Love, Death and Robots: Season 3

Written By A.R. Arthur

A.R. Arthur (formerly A.R. Salandy) is a Black Mixed-race poet & writer who has spent most of his life in Kuwait jostling between the UK & America. He is the EIC of Fahmidan Journal/Publishing & Co, Reviews Editor at Full House Literary & Poetry Editor at Chestnut Review. Twitter/Instagram: @ararthurwriter

Love, Death and Robots season three is more concise than season one and just one episode longer than season two. However, this season is just as punchy as previous seasons with a great emphasis on rich imagery and otherworldly stories that center the viewer.

With episodes that range in length between seven and twenty-one minutes, this season lives up to its name and reputation by presenting the viewer with an impressive mix of horror and sci-fi with tinges of gore and comedic contrast. This contrast adds to the layered nature of the series through overt and covert juxtaposition that gets the viewer thinking.

Animation, Craft & Purpose

Season three is filled to the brim with emotive additions that immerse the viewer in philosophical questioning and more generally, ruminations on those ideas, concepts and objects that are bigger than us.

Beginning with “Three Robots: Exit Strategies” where an important, and albeit, somewhat comedic presentation of an Earth post apocalypse is depicted as three robots traverse the now rough landscape on a touristic jaunt of sorts. This episode puts into perspective much of the global discussions on Artificial Intelligence and how we, as humans, have the ability to make robots that exude much of the same humanity, character traits and identities that are so seemingly sacrosanct to being a human. This episode has the necessary purpose that goes beyond engaging entertainment and therefore serves to force us to criticize contemporary AI growth and naturally, a less than fruitful future which could ultimately emerge.

Moreover, the reiteration of the negative impact of consumer technology was intriguingly presented to the viewer through “Mason’s Rats.” This episode incorporates the robots and death elements where a society of highly intelligent rats take over Mason’s barn. Perhaps what makes this episode so special is the emphasis placed on consumer technology and the nature of late-stage capitalism through the need to constantly buy more and need more despite not necessarily solving more! Whilst more comedic and driven by shock-value gore, this episode accurately portrays universal experience within the aforementioned capitalism. One must acknowledge the depth of purpose and skilled craft within this episode!

“Night of the Mini Dead” is another daring episode that must be commended for strength of animation. Whilst this narrative ends more sardonically and presents the widely shared sci-fi notion of a zombie apocalypse, it serves more to present the viewer with a feast for the eyes than the mind and ears. Marvelous animation brimming with vibrant colors and carefully planned progression allows the reader to be fully absorbed by this episode. Further, the end of the world is presented as minute in the grand scheme of the universe and forces the viewer to contend with their own overt insignificance in the face of the grandness of a cosmos mighty and unknown.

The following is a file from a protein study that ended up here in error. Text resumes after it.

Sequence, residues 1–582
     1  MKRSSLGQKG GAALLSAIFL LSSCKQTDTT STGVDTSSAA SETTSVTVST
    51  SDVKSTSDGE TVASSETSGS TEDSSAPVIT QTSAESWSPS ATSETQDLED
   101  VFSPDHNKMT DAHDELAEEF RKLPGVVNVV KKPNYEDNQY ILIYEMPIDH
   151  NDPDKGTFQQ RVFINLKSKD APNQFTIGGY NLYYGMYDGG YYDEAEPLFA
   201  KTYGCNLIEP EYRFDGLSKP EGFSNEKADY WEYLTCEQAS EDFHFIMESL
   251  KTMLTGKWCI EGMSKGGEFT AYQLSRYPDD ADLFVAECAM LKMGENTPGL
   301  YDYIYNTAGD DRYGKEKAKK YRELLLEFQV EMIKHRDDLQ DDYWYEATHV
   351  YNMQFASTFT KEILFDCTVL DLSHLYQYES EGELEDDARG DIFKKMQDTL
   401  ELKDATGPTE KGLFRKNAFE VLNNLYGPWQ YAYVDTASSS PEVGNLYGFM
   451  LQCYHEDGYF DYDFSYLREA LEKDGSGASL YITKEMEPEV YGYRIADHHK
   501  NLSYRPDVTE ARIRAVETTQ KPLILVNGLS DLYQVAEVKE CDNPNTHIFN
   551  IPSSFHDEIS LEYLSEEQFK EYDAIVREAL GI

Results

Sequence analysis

Sign-up for Letters From The Psychopomp

a weekly letter from The Psychopomp about Death, and the latest from


    “Bad Travelling” is an episode that inspires a deep sense of dread in relation to the arcane depths of the still massively unexplored ocean system of our planet through an assumed alien ocean. This nautical fantasy is centered around a crab that insists on passage aboard a ship. This creature proceeds to feast through crew constantly on the verge of mutiny. With the captain finally showing initiative to prevent further life-loss should they reach their next island destination. This episode ensures the reader is not only engaged, but genuinely captivated by the unfolding of this tense narrative.

    In addition, “Jibaro” is another episode that has held my interest on multiple rewatching binges of this season. This episode is sensual, strange and rather morose. With tinges of east and south east Asian cultural and environmental inclusions, this eerie quasi-love story presents the reader with a twisted, siren dripping in aureate excess. This siren goes on to seduce and slaughter many men bar one who ends up killing her. Despite this death, the river she calls home resurrects her and ensures her revenge. Despite the wails of the siren, one lone man remains, uninterested, unimpacted. Albert Mielgo, creator of this episode alludes to this episode being a metaphor for a ‘toxic relationship’. However, this mesmerizing animation, that entrances the reader, views as even more so a metaphor for the dangers of power dynamics within relationships. Negative dynamics which are usually reserved exclusively for men. Mielgo’s presentation thus reads as more carefully constructed to challenge the status quo.

    Season three is one that satiates the eyes and leaves the viewer yearning for more as we wait in eager anticipation for the fourth installment of this emotive series. With greater emphasis on love and death, this is a season for the thinker, the philosopher, and those with curious imaginations who seek to think beyond the confines of one’s individual reality.